This passage is interesting for several reasons, not least in its contrast of existentialism and something like Platonism, the notion that moral values exist in an intelligent heaven even though there is no God. Both of these approaches are potential ways that atheists might avoid the conclusion of the moral argument. We’re inclined to think that Platonism and existentialism each captures, with some success, crucial aspects of morality, but that neither is fully adequate to account for all that morality requires.
The Platonist says there are objective moral values, every bit as transcendent and
binding as Lewis believed in, but that they stand in no need of foundations. They
are, rather, brute facts, perhaps like the truths of mathematics, fixed features of reality, ultimate facts about the universe of which we become aware. This view has
the advantage of making sense of our abiding conviction in the truth and obviousness of morality as well as its ground in reality. It echoes Sidgwick’s claim that morality is self-evident and needs no foundation, and it goes some distance in satisfying Kant’s insistence that reality somehow be committed to morality. It asserts that obligations can be understood as realities that objectively exist and have binding power over us.
Mavrodes writes in “Queerness,” argues, we think rightly, that Plato’s wordview, though not Christian, has very often been taken to be congenial to a religious understanding of the world. He continues in this vein:
The idea of the Good seems to play a metaphysical role in his thought. It is somehow fundamental to what is as well as to what ought to be, much more fundamental than are the atoms. A Platonic man, therefore, who sets himself to live in accordance with the Good aligns himself with what is deepest and most basic in existence. Or to put it another way, we might say that whatever values a Platonic world imposes on a man are values to which the Platonic world itself is committed, through and through.
Mavrodes goes on to argue that this is not the case with a Russellian world, where values and obligations cannot be nearly so deep, having a grip only on surface phenomena. This status of moral facts in a naturalistic world heightens the seeming strangeness of morality in demanding so much while lacking sufficient grounding.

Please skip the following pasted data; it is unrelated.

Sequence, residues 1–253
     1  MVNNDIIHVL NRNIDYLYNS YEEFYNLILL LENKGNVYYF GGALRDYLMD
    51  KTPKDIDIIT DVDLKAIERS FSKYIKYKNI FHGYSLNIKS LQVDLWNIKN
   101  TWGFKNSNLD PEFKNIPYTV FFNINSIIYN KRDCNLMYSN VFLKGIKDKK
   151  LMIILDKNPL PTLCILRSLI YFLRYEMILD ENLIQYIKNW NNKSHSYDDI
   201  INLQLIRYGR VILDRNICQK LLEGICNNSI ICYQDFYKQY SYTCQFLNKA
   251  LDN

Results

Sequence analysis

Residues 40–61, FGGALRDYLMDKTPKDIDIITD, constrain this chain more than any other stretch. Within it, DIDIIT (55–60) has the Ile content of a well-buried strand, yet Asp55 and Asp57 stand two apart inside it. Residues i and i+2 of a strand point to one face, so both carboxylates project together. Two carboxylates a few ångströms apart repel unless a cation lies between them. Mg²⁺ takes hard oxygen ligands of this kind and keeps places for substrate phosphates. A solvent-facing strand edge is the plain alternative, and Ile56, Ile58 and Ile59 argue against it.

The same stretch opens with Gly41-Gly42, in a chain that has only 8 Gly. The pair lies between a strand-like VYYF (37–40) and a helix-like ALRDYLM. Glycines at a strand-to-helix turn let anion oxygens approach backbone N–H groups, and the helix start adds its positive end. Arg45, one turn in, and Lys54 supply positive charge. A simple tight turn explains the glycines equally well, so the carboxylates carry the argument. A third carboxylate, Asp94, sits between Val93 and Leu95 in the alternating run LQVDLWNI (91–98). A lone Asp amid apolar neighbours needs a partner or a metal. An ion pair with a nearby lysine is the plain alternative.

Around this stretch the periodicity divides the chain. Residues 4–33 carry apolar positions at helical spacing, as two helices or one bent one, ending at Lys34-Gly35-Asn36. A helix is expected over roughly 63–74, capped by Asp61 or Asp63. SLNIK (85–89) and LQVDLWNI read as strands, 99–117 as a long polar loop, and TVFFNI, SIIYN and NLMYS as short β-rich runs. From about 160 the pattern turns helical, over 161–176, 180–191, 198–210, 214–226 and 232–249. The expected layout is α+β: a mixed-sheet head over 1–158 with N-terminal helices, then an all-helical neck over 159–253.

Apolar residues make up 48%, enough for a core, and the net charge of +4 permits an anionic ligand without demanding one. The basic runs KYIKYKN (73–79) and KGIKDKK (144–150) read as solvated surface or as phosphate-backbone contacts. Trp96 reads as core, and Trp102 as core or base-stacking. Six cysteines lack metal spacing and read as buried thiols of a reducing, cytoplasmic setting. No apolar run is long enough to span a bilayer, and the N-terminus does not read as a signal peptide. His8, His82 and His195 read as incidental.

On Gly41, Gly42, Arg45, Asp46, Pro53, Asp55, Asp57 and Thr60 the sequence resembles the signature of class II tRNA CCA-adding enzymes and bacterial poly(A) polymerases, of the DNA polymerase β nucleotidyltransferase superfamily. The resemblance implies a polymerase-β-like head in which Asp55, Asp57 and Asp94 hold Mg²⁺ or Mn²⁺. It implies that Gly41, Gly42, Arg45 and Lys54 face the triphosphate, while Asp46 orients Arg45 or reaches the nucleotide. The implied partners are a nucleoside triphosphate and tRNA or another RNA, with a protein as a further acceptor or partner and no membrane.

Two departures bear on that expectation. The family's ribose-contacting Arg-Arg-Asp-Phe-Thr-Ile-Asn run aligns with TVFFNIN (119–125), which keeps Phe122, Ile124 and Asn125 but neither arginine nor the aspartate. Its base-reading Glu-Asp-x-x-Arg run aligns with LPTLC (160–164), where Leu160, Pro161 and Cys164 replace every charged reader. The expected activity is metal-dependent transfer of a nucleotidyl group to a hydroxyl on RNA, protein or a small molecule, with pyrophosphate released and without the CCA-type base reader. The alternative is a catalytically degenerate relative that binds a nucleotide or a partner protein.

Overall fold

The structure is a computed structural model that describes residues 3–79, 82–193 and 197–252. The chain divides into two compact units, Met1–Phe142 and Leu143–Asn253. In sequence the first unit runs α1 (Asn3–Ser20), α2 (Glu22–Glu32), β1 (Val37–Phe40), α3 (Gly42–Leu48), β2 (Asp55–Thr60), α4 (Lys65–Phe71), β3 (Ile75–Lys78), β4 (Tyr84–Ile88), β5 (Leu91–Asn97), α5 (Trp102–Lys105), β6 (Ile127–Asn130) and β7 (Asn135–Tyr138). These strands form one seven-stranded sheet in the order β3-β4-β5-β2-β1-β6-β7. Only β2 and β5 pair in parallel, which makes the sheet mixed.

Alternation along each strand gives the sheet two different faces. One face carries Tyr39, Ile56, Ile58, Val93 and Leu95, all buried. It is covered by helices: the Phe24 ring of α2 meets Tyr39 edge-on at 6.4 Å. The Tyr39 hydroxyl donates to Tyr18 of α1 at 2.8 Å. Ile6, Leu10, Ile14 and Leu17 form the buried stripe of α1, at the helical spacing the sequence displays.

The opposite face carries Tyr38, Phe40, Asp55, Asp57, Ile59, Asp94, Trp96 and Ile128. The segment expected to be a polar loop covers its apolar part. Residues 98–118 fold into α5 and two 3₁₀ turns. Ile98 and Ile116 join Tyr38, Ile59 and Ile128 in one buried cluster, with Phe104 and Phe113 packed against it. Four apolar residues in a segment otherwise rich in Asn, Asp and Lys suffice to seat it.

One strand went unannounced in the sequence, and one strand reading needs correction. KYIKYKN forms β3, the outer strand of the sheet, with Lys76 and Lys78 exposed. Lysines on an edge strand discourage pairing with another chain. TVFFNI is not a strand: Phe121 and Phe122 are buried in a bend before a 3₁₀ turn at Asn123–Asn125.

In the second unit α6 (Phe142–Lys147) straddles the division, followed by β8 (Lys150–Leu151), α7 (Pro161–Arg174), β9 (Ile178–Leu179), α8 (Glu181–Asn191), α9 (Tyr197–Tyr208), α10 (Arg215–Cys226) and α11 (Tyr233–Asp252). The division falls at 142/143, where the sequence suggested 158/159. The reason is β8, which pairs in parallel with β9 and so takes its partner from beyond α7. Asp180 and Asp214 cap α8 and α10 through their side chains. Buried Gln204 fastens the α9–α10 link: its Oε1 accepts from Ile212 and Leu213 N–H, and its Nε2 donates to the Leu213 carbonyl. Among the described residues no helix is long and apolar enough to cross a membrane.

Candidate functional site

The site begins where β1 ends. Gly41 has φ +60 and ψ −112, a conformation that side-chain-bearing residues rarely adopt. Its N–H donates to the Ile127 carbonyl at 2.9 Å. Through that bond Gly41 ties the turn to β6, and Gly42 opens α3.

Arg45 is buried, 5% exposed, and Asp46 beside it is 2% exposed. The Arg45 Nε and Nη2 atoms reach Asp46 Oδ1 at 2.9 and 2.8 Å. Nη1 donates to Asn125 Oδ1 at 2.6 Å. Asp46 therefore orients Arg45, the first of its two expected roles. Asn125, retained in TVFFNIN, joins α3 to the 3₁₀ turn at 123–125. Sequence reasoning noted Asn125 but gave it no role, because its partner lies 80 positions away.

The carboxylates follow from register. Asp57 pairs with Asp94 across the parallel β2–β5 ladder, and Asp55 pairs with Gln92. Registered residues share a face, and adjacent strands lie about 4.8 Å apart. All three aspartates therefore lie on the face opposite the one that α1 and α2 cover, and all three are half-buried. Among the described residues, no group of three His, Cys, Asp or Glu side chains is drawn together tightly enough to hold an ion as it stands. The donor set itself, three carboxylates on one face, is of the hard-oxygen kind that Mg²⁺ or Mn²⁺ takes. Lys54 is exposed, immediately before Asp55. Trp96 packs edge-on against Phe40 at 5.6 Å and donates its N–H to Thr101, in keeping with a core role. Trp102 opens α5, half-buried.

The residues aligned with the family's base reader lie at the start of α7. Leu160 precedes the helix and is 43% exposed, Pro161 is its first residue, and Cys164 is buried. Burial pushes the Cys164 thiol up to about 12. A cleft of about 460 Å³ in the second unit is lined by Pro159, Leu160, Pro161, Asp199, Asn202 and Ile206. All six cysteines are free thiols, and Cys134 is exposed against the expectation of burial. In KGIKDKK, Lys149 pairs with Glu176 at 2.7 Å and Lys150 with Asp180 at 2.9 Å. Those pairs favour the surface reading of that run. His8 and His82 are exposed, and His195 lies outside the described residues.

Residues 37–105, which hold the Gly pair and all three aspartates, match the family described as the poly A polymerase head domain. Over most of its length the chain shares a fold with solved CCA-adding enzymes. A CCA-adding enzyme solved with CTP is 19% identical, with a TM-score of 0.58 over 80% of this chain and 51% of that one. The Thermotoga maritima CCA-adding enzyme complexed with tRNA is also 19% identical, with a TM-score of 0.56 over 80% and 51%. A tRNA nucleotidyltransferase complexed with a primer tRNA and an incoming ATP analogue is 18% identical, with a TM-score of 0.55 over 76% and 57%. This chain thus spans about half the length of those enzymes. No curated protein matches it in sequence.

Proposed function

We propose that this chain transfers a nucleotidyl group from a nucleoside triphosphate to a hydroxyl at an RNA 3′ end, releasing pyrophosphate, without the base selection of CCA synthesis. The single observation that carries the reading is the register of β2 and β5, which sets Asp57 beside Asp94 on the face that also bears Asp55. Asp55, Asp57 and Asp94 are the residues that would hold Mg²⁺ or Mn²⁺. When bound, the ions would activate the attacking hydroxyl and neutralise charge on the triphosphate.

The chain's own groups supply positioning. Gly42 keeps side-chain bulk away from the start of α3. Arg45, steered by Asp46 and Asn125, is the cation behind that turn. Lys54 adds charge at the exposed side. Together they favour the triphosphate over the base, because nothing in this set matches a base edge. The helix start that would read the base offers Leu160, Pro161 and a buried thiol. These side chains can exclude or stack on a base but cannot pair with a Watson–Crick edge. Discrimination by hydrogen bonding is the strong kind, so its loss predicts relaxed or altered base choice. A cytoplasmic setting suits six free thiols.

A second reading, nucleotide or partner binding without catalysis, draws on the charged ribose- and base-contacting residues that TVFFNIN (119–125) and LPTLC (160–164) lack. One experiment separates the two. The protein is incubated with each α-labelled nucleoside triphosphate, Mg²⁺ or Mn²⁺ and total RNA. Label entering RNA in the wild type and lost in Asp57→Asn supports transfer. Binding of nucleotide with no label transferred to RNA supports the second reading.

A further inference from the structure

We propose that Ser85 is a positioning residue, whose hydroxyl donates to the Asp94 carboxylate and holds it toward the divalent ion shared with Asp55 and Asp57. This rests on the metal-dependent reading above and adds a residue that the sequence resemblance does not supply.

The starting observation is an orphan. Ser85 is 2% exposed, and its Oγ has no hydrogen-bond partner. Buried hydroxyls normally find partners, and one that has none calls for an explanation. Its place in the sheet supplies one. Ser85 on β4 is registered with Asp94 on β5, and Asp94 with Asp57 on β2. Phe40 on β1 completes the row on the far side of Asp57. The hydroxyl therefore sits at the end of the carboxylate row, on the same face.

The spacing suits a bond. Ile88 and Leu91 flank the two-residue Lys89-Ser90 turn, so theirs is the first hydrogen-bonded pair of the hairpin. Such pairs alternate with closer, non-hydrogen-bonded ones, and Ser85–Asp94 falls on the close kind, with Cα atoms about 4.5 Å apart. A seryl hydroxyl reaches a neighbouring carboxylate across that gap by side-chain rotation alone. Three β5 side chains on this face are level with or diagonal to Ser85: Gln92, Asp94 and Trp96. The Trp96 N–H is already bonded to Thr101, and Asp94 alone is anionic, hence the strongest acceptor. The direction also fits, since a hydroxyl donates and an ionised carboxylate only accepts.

So Platonism definitely seems to hold an advantage over pure naturalism. Interestingly, it’s a view of the universe shaped by, among other things, moral convictions. The explanation given for the existence of what seem to be stable and enduring moral facts is that the universe itself is a moral context. This is an intelligible view, and it is hard to refute. It’s not far from the view we ourselves hold, though of course what it leaves out is the most important part of the picture, in our estimation.
Augustine, an early Christian Platonist, understandably thought it made best sense that if the highest standard of goodness is the object of the highest form of love, as it was for Plato, then the highest reality is likely to be a person. Beyond the impersonality of the Platonic Good is another problem, already alluded to by Sartre, as John Rist observes:
Plato’s account of the “Forms” (including the Good) as moral exemplars leaves them in metaphysical limbo. They would exist as essentially intelligible ideas even if there were no mind, human or divine, to recognize them: as objects of thought, not mere constructs or concepts. But, as Augustine learned, and as the Greek Neoplatonists had asserted, the notion of an eternal object of thought (and thus for Plato a cause of thought) without a ceaseless thinking subject is unintelligible. Intelligible Forms, never proposed as mere concepts, cannot be proposed as Plato originally proposed them, as free-floating metaphysical items.
The need for Platonic forms ultimately to be grounded in a mind that recognizes them is once again keenly felt. “Free floating metaphysical items” do not have the ontological strength and stability that we think morality must have. Even if we discern these moral truths before we identify their deeper foundations, this only reminds us again that the order of knowing is distinct from the order of being.